Wellness coaching has become an increasingly prevalent strategy to help individuals improve their health and well-being. Recently, wellness coaching was found to improve quality of life, mood and perceived stress, according to a Mayo Clinic study published in Mayo Clinic Proceedings. Matthew Clark, Ph.D., L.P., lead author of the study and resiliency expert at the Mayo Clinic Healthy Living Program, answers some common questions about wellness coaching.
What is a wellness coach?
Wellness coaches are trained and certified by professional organizations to help individuals identify their personal values and desires for change. The coaches provide practical recommendations to help individuals transform their goals into action, in order to sustain the changes over time and improve their quality of life.
“Mayo Clinic wellness coaches assist patients, through a strength-based approach, in identifying goals and potential barriers to success, and then create strategies to help them improve on a week-by-week basis,” explains Dr. Clark. “A strength-based approach recognizes that patients bring experience, knowledge and skills which will help them make positive lifestyle changes.”
What are popular areas of improvement?
“Wellness coaching focuses on the specific problems someone wants to address, such as weight loss, stress management or goals focusing on work-life balance. We offer wellness coaching to help people have a better life, and improve their overall quality of life, whether it’s socially, emotionally, spiritually, physically or mentally,” says Dr. Clark.
How are these improvements maintained over time?
Wellness coaching teaches individuals appropriate goal-setting techniques, strategies for enhancing social and emotional support and other skills to sustain progress over a substantial period of time.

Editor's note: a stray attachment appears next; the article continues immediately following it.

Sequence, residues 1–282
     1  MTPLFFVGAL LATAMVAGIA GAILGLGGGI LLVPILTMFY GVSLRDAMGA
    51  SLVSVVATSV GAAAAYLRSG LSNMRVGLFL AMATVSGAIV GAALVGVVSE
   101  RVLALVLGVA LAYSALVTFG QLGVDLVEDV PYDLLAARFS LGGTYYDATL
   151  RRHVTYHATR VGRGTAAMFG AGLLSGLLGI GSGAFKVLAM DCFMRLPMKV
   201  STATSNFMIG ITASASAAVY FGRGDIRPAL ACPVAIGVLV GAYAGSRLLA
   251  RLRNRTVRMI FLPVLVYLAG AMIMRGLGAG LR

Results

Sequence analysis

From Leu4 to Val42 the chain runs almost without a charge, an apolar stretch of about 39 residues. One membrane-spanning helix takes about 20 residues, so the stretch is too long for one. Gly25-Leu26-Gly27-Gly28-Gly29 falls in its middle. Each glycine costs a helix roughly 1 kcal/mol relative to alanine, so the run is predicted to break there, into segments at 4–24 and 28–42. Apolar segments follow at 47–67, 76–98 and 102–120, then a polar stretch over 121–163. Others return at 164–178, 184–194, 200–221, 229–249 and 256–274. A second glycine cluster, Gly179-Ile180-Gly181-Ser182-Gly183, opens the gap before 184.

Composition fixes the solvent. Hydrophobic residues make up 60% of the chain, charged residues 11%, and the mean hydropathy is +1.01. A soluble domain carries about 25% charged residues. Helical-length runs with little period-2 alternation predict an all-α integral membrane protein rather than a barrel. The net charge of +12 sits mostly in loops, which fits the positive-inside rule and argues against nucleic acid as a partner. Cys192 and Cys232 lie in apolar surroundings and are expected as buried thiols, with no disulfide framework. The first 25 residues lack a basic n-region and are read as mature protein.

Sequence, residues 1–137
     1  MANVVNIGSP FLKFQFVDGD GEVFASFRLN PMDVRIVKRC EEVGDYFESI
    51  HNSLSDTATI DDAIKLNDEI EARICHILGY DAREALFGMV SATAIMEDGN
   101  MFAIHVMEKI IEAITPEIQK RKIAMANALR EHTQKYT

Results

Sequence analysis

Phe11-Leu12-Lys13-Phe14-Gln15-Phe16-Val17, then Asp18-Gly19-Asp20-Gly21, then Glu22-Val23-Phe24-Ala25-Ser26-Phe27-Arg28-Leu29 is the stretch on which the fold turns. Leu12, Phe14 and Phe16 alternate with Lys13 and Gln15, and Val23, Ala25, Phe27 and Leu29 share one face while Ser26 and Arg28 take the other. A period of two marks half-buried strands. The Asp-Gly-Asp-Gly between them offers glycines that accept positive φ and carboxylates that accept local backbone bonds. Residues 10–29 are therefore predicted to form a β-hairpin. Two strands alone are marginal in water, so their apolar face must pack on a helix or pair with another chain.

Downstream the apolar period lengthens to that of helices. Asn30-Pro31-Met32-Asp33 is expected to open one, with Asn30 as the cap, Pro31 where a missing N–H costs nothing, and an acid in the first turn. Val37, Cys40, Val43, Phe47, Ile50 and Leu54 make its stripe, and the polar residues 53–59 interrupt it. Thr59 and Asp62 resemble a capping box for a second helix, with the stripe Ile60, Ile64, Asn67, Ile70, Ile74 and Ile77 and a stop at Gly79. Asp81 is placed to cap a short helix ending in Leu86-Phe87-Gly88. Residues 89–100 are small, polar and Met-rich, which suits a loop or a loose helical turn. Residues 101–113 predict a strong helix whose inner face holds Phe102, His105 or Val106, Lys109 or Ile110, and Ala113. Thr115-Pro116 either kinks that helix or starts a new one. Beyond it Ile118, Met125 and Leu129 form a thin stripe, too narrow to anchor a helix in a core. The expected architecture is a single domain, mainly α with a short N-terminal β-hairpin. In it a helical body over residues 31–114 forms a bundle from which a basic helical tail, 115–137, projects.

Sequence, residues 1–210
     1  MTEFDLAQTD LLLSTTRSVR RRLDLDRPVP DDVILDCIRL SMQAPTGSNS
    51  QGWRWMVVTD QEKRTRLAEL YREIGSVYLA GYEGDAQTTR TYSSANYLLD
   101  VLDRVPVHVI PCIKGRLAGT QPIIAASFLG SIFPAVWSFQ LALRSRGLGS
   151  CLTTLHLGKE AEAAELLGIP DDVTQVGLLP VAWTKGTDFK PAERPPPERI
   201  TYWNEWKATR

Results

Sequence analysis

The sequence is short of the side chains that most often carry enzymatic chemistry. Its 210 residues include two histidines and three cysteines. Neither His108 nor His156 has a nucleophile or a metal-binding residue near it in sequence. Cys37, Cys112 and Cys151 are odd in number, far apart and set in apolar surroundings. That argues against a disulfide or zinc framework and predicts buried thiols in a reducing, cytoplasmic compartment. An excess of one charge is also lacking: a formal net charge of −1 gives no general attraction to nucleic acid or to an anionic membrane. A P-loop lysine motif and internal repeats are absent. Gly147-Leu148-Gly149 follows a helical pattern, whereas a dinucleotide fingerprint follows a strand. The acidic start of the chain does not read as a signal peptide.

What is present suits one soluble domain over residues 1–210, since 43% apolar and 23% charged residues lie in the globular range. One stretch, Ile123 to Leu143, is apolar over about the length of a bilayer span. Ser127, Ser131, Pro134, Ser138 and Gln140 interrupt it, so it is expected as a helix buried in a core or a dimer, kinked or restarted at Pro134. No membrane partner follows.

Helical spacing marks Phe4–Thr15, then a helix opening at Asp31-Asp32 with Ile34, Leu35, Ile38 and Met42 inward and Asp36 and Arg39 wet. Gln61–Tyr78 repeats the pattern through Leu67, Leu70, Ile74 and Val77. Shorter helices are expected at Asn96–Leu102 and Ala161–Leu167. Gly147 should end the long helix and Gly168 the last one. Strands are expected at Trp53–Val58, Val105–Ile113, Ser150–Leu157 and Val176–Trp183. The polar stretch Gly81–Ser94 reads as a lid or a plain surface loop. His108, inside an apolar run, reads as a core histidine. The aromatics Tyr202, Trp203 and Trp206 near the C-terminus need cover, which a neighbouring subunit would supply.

“In our recent study, we looked at participants three months after completing wellness coaching. We found that people not only maintained the changes, they exhibited signs of further improvement,” says Dr. Clark. “Therefore, we did teach people the appropriate skills to improve their quality of life and maintain the changes.”
Why has wellness coaching become increasingly prevalent?
Wellness coaching programs can be found in facilities throughout the country. Dr. Clark believes there are two main reasons causing the spike in popularity.
“First of all, wellness coaching does not pathologize or diagnose problems. If someone is having a difficult time losing weight or getting a good night’s sleep, wellness coaching helps the individual feel like a normal person with a normal problem,” he says. “Secondly, people enjoy Mayo Clinic’s strength-based approach because it is empowering. We help people identify the resources that they already possess to make their desired improvements.”
What is a common misconception?
Even though wellness coaching has become extremely popular, not much research is available. A few studies have demonstrated the positive effects wellness coaching has on weight management, smoking and physical activity.
Dr. Clark believes many more
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Yoga is so prevalent in the modern world–practiced by pop stars, taught in schools, and offered in yoga centers, health clubs, and even shopping malls–that we take its presence, and its meaning, for granted. But how did the current yoga boom happen? And is it really rooted in ancient Indian practices, as many of its adherents claim?
In this groundbreaking book, Mark Singleton calls into question many commonly held beliefs about the nature and origins of postural yoga (asana) and suggests a radically new way of understanding the meaning of yoga as it is practiced by millions of people across the world today. Singleton shows that, contrary to popular belief, there is no evidence in the Indian tradition for the kind of health and fitness-oriented asana practice that dominates the global yoga scene of the twenty-first century. Singleton's surprising–and surely controversial–thesis is that yoga as it is popularly practiced today owes a greater debt to modern Indian nationalism and, even more surprisingly, to the spiritual aspirations of European bodybuilding and early 20th-century women's gymnastic movements of Europe and America, than it does to any ancient Indian yoga tradition. This discovery enables Singleton to explain, as no one has done before, how the most prevalent forms of postural yoga, like Ashtanga, Bikram and "Hatha" yoga, came to be the hugely popular phenomena they are today.
Drawing on a wealth of rare documents from archives in India, the UK and the USA, as well as interviews with the few remaining, now very elderly figures in the 1930s Mysore asana revival, Yoga Body turns the conventional wisdom about yoga on its head.